Job Search 101: References that Help You Seal the Deal

by Staff - Original publish date: January 18, 2012

If you are like most people in the midst of a job search, you probably haven’t given your references much thought. You’ve likely spent more time on your resume, cover letter and networking activities. But references can have a significant impact on the final hiring decision. You need to be ready at a moment’s notice to provide potential employers with at least three solid references.

Human resource managers almost always ask for references when they are seriously considering someone for a position. You want to make sure that you provide a list of individuals that will speak about you in a positive way. Potential employers will also look for inconsistencies between information from your interview and on your resume and what they hear from your references.

Here are some things to consider so you can be sure that your references are the best they can be:

Don’t leave anything to chance
References carry a lot of weight and can really make or break your chances of landing that new job. References and past employers won’t call and warn you that they are not going to be complimentary. It is wise to take more control by finding out what every potential reference will say about you. This way you can weed out the weakest references and keep the top three or four for the final list to share with potential employers.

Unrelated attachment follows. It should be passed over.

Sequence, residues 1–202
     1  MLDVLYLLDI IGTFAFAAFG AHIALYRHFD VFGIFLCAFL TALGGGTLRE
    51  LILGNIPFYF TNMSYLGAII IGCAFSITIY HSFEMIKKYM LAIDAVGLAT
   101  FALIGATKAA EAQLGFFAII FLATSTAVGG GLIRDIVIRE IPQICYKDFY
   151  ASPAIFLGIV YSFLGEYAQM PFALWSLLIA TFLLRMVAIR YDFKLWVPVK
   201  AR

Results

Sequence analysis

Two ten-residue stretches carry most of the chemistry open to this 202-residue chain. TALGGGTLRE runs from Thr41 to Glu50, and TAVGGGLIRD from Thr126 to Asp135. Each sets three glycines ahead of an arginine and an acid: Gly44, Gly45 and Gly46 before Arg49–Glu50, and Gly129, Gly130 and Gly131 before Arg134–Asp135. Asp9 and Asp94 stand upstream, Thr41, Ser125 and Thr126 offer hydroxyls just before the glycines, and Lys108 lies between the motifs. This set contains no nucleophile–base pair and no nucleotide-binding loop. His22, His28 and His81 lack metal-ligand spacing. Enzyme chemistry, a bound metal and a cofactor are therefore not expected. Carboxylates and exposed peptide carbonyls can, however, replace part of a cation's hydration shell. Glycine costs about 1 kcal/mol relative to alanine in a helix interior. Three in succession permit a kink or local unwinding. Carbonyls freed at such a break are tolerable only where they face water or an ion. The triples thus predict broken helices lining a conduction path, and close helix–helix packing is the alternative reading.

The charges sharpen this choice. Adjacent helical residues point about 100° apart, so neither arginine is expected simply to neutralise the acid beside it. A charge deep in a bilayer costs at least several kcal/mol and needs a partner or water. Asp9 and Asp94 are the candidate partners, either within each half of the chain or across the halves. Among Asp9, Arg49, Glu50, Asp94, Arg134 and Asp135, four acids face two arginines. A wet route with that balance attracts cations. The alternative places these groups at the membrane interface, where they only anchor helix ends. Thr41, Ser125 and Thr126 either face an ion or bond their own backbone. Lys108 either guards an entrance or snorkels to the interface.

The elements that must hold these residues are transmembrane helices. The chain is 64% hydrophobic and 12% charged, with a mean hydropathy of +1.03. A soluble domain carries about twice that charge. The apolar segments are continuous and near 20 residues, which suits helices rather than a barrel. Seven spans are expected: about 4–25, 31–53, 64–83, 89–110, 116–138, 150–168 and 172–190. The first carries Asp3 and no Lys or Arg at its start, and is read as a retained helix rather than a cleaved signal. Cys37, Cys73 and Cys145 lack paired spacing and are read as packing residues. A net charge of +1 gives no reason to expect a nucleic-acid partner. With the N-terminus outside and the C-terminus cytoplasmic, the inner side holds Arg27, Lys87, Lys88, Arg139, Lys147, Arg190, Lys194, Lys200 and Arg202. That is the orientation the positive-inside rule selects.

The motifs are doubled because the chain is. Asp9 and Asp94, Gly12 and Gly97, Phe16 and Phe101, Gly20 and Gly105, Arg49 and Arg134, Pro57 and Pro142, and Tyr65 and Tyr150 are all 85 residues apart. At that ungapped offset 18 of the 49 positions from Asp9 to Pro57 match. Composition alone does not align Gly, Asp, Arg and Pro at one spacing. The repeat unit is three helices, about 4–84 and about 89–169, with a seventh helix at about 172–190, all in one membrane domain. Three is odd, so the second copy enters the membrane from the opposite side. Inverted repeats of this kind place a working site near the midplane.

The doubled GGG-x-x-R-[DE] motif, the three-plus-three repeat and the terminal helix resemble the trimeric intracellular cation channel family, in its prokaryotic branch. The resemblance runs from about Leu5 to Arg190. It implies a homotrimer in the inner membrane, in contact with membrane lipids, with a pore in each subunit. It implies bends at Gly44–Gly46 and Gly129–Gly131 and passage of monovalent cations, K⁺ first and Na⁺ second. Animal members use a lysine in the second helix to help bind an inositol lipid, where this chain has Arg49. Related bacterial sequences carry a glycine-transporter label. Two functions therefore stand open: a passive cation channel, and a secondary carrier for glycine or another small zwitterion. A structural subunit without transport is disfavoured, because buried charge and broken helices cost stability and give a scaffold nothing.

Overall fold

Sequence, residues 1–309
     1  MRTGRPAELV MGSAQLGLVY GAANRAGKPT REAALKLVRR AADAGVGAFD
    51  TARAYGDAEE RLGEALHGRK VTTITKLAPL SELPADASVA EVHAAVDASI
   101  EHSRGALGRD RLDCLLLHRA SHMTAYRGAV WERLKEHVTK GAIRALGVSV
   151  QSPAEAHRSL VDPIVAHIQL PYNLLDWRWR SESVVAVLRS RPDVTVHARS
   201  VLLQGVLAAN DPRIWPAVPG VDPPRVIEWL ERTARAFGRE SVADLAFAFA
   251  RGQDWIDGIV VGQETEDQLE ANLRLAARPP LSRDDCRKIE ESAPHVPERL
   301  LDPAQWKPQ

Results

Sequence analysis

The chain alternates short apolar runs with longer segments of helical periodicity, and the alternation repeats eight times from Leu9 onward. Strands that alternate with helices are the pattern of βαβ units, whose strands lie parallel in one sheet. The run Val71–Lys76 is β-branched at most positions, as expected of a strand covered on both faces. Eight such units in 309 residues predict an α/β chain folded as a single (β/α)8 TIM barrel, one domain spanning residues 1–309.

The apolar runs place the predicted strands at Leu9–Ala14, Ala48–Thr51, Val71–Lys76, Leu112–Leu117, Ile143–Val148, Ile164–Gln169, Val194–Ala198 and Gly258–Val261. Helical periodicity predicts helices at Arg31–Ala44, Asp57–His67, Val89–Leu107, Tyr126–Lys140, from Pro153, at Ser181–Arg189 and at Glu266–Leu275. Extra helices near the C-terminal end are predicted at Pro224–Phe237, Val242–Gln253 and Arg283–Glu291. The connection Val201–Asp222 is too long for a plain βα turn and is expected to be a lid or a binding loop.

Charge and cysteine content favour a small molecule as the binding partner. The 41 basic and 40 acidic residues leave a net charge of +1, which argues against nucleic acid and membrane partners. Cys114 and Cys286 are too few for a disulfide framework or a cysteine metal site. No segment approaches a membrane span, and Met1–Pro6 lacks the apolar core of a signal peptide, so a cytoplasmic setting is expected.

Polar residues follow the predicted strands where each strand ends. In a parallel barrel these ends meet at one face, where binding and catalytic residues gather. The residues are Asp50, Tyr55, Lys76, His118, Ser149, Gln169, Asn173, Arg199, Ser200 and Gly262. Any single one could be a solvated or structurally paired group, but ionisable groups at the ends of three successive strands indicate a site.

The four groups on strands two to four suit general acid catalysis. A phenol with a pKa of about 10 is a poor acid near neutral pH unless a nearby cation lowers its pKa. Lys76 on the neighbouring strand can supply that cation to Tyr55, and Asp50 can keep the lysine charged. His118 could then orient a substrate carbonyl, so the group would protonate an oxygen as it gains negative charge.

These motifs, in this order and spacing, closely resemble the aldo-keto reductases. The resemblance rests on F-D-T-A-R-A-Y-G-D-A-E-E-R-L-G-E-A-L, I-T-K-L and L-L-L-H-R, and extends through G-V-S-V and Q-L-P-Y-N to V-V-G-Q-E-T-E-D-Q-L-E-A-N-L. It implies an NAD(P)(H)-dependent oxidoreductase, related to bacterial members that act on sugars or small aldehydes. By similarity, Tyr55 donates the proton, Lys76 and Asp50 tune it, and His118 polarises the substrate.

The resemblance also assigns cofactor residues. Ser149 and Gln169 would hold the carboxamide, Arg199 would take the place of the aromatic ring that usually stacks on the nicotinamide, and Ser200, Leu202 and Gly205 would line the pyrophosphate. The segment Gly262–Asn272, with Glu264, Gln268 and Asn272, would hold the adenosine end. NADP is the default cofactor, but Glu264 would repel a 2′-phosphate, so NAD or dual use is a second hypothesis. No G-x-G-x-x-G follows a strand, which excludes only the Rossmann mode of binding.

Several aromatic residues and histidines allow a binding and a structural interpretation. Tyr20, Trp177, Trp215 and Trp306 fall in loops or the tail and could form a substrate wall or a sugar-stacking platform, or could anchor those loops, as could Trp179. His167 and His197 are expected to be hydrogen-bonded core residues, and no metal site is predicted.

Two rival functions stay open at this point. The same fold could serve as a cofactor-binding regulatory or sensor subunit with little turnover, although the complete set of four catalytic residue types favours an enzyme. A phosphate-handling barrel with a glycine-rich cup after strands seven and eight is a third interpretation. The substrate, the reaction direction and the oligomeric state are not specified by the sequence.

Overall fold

Keep it current
Try to keep a running list of recent references if possible. Ask for references before you leave your current job. Say something like “If I need a reference, would you feel comfortable offering a positive recommendation?” Avoid using that person as a reference if there is any hesitation on their part.

Verify information
Make sure that your records are correct. When listing your job with a previous employer, be sure that your job title matches the information that organization has on record for you. This can be resolved by a quick phone call to the HR department. Don’t let inconsistencies of this sort reduce your chances of getting the job you want.

Don’t surprise anyone
Stay in touch with your references and let them know that you are currently seeking employment. Don’t let them be blindsided by a phone call from a potential employer. And make sure that the contact information you provide on your reference list is accurate and up to date.

Don’t rely on relatives as references or a letter of recommendation
Potential employers want to hear about your work experience so references of a personal nature are not the best choice. Additionally, although letters of recommendation can be helpful, information such as title and contact names can change over time. Make sure that the information in your letter of recommendation is correct and up to date by contacting the author of that reference periodically.

Make it easy
People are more likely to be a reference for you if you help take the weight off of them. Make it easy for references to say good things about you.

  • Let them know what you’ve been up to and provide them with an updated resume.
  • Give them warning that a potential employer has asked for references.
  • Ask them to let you know when or if they have been contacted.

Always follow-up and say thank you
After your job search is over, contact your references to thank them and let them know how their referral paid off. Be sure to ask if there is any thing you can do for them in return.